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  1. Overview of risks
  2. Provision funds
  3. Skin-in-the-game

Overview of risks

If you are considering investing in peer-to-peer (‘P2P’) lending for the first time, you need to understand that P2P investment involves risk. A risk of capital loss is inevitable with any investment unless you wish to place your funds into an FSCS protected savings account (in which case your savings are currently protected up to £85,000).

However, investing in a FSCS savings account will currently produce paltry returns given the current low interest rate environment. In search of higher returns, many are choosing to invest funds into alternative investment choices such as P2P lending. It’s important that such investors do not blindly invest into P2P platforms, but first clearly understand what they are investing in, the key risks and how those risks can be partially mitigated.

There are three main ways in which P2P investment risk can be partially mitigated (by you, as opposed to the platforms themselves):

  • Due diligence – First and foremost, you need to understand what you are investing in.
    • Self-select – If you intend to invest in self-select loans, many platforms offer an abundance of information about the loans on offer (e.g. loan amount, security offered, LTV, repayment plans). You are then able to do as much or as little research as you please.
    • Auto-select – Alternatively, if you are intending to invest in auto-select loans, then you need to understand the lending criteria of the P2P platform to understand whether the level of risk being taken by the platform is acceptable for the level of expected returns. This website features a number of platform reviews which aim to provide digestible overviews, but we would always recommend doing your own research too.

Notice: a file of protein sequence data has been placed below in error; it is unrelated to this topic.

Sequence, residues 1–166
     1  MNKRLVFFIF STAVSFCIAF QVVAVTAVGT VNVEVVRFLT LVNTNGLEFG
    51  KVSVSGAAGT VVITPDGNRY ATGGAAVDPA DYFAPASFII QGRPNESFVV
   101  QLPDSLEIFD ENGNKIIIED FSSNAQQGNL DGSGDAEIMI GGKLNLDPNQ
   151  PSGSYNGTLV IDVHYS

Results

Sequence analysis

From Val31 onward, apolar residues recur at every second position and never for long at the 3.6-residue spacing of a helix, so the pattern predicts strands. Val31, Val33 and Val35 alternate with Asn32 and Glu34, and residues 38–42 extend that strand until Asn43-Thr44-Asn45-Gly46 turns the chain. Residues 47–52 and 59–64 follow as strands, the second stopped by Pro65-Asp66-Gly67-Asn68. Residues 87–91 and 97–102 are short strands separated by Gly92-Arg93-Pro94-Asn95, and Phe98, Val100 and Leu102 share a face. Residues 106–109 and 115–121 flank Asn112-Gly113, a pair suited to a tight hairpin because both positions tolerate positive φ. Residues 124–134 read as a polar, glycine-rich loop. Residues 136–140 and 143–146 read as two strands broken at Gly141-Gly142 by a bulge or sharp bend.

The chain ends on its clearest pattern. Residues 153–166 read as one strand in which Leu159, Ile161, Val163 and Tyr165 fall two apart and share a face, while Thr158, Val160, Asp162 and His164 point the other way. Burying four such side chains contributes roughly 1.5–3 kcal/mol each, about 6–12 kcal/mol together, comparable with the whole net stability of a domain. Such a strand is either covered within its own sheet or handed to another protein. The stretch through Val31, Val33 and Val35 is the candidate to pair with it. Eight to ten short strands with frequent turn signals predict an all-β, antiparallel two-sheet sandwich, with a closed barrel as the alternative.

• Security
    • Different platforms accept different levels of security from borrowers. Investors must understand the level of security taken to understand the level of risk they are accepting. For instance, some platforms focus exclusively on unsecured lending with no tangible security offered by the borrower (e.g. RateSetter, Funding Circle and Zopa). These platforms focus on diversification in an attempt to mitigate risk. Other platforms focus exclusively on secured lending (e.g. Growth Street loans are secured against all business assets, whilst Kuflink loans are secured against first or second charges against UK property).
  • Diversification – The importance of diversification is best illustrated by example. Below we consider a simplified (unsecured) example of two individuals, each with £2,000 to invest.
    • Investor #1 chooses two self-select unsecured consumer loans to invest £1,000 into (£2,000 total investment). Each investment is expected to deliver 10.0% interest rate per annum, paid in full at the end of the 1 year term. At the end of the term, the first loan repays and the investor receives £1,100 back. However, the second loan defaults and the lender is required to commence recovery proceedings which can take time. The investor is now facing the possibility of a potentially large capital loss.